This past Saturday, July 12, was the fourth anniversary of my first day of work at AP. It's kind of nuts to me to think about these past four years, and just how quickly time has flown by. Take a walk with me down memory lane, won't you? Here are some things I'll never forget about my very first month of my employment (thank you, my old livejournal, for providing me with exact dates):

MONDAY, JULY 12, 2004

This was my first day, when I showed up bright and early at 10 a.m. on the dot, only to find the door locked and the lights off. After panicking a bit and trying (and failing) to somehow check my email on my ghetto-ass cell phone ("Maybe they called an emergency staff meeting somewhere and I didn't know about it!" was my line of thought), my then-supervisor Aaron Burgess came ambling down the hallway, cup of coffee in hand, at around 10:15 or so. He looked at me and said, "Oh, yeah, no one really comes in right at 10." Works for me.

On that train of thought, I will never, ever forget Aaron Burgess, our former editorial director. The two years I spent working under him was essentially a crash course in everything journalism-related, and I can safely say he taught me more in that time period than I learned in all four years of college (and probably would've learned in grad school, too). Thanks for taking a chance on me, AB. I miss you and your thought riots.

FRIDAY, JULY 30, 2004

Getting to eat Mexican food with the Dillinger Escape Plan (who scared the piss out of me and didn't say a single word to me the entire time), former AP scribe Trevor Kelley and Texas Is The Reason guitarist Norman Brannon (nee Arenas), and engaging with Trevor in the most spirited discussion of post-hardcore/y'allternative also-rans Chamberlain in the history of the world. It was a surreal lunch, to say the least. I also got to meet Jason Hammacher (then of Decahedron) who spun some incredible yarns about Refused and specifically how unintentionally funny Dennis Lyxzen was. (Hammacher's old band, Frodus, toured with Refused a few times, including their final tour.) It was my first "business lunch," as absurd as that sounds, and it has a permanent place in my memory banks.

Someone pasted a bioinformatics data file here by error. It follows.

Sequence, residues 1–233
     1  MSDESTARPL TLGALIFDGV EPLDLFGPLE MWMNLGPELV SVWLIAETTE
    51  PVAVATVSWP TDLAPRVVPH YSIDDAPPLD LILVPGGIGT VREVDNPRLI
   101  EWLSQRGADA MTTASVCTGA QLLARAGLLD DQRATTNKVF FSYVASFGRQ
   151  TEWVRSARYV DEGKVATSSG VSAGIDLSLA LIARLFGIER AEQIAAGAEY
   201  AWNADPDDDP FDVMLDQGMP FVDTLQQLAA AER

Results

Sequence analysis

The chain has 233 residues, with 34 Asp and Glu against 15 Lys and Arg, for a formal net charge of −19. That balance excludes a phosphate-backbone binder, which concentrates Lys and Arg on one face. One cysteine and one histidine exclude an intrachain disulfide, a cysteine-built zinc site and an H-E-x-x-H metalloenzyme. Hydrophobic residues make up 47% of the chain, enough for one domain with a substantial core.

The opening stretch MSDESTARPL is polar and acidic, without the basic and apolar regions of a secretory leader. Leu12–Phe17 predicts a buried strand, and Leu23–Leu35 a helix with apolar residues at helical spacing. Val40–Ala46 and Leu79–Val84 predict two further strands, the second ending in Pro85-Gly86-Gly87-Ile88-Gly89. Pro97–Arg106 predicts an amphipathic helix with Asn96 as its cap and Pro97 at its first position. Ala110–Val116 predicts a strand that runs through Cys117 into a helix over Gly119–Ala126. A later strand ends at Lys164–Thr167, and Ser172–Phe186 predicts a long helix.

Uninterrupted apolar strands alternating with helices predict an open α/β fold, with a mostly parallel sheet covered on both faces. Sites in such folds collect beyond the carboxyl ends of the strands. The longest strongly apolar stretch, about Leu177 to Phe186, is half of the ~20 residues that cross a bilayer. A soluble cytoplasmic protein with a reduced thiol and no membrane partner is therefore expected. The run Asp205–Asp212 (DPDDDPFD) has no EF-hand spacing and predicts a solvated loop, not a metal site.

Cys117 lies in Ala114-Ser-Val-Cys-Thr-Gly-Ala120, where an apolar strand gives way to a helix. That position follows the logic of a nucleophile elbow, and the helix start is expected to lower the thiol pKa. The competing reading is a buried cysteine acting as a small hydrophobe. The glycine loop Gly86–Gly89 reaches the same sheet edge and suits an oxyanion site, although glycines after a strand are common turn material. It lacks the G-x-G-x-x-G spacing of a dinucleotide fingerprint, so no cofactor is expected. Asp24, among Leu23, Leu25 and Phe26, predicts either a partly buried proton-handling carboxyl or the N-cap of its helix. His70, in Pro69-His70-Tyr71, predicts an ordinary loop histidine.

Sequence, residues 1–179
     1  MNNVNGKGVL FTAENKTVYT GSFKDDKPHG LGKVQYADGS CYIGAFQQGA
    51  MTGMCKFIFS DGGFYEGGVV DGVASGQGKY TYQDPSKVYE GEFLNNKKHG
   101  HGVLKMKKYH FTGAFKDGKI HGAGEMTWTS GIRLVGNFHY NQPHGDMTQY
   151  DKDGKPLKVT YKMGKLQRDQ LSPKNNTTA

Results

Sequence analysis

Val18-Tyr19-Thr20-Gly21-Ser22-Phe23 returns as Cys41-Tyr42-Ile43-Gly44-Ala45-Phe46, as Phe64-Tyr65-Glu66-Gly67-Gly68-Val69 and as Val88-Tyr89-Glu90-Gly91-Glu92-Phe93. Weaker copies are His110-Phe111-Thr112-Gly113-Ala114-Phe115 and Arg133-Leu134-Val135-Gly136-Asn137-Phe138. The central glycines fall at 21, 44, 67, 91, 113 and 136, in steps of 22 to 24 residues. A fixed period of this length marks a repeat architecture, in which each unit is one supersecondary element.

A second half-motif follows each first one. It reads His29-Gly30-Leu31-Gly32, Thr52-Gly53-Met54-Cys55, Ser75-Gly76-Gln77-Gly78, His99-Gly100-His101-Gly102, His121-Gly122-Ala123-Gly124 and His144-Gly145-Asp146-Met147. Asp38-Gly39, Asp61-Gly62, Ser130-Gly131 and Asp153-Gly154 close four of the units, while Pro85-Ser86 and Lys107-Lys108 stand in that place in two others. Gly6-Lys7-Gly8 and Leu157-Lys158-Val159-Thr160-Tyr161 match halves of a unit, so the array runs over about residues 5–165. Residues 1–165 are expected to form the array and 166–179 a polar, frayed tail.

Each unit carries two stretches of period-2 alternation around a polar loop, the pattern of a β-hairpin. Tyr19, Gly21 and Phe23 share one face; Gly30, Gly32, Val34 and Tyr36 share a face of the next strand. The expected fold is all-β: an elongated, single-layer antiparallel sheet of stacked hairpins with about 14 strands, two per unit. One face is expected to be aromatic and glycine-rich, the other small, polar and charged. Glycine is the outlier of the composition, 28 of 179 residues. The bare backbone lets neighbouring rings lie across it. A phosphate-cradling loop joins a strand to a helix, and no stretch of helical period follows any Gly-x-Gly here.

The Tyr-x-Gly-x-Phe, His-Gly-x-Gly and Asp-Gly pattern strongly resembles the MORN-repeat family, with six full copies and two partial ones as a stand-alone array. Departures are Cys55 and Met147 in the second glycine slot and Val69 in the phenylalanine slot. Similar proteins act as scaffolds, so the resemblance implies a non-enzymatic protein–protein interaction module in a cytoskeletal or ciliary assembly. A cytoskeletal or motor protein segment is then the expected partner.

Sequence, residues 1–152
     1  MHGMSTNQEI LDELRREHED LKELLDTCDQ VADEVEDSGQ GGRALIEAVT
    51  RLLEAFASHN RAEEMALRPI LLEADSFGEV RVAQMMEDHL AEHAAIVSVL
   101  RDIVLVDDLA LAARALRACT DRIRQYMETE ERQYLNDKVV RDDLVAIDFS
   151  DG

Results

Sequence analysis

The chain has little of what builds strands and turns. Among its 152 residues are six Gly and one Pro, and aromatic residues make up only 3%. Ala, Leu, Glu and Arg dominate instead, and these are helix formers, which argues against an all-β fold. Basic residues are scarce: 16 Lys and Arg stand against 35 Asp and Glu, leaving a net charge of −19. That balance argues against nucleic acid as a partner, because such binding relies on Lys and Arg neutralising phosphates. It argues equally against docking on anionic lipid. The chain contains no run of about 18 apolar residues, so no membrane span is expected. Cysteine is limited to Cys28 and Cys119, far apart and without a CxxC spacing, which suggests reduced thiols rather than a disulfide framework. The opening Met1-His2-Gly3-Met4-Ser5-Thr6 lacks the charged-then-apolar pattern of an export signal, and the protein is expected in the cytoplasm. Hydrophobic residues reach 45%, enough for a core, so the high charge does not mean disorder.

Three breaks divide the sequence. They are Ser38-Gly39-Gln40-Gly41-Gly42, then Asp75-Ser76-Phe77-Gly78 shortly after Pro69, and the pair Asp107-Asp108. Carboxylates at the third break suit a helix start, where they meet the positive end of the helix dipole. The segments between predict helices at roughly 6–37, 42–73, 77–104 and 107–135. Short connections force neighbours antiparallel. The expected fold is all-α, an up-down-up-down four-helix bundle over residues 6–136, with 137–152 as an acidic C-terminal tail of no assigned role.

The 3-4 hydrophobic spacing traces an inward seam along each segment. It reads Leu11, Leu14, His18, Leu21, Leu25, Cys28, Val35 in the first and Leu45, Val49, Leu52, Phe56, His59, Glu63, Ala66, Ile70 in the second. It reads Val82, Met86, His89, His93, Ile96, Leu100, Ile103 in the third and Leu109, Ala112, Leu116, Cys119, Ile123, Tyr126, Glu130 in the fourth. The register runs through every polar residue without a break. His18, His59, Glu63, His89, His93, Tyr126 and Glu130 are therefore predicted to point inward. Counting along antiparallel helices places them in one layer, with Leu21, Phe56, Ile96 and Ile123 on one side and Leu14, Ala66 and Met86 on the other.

The Curiosa festival (featuring the Cure, Interpol, Muse, Thursday and many more) rolled into town, and at the time, Muse were just starting to break through in America. Their then-publicist, Jim Baltutis, flew out to Cleveland to take the entire office to the mammoth show so we could see what Muse were all about (it was their first U.S. tour in something like five years), but that wasn't all: He rented a limousine to drive us there in style. (I found out later this was one of the, if not the first staff limo rental in the history of AP). Once we arrived at the gigantic outdoor venue known as Blossom, we were adorned with official Curiosa VIP laminates attached to lanyards — no, not just sticky passes, actual, honest-to-goodness laminates the size of a notecard or something, that allowed us to go anywhere we wanted, including backstage for the afterparty (where a high-ranking AP staffer, who had indulged in the spirits [paid for by a Warner Bros. corporate credit card] a bit too much, accosted a very shy Robert Smith of the Cure and may or may not have kissed him [the staffer in question denies the liplock but my sober eyes rarely fail me]).

(Side note: These laminates weren't date-specific, so I got the bright idea of mailing mine out to a friend in San Diego who used it to get into her date of the tour; she then mailed it to another friend in Los Angeles so he could get in for free. Being sneaky rules!)

Anyway, we partied into the wee hours of the night, then finally packed back into the limo and headed back to AP HQ, where everyone had left their cars. We finally arrived around 3:30 a.m., and as we all piled into our respective automobiles and left the parking lot, I looked in my rear-view mirror and saw that same high-ranking AP staffer (who shall remain nameless, for fear of a swift and merciless beating once they read this) on their hands and knees, puking their guts out in the parking lot.

It was at that moment that I knew I was really, really, going to love this job.

Of course, that would be the perfect way to end this blog, right? Well fuck that nonsense. Here's one more memory:


This is the night I discovered the majesty of Quaker Steak & Lube and more importantly, their all-you-can-eat wing night. If you're ever in Cleveland on a Tuesday, holler and we'll go dominate their wing buffet. Truth.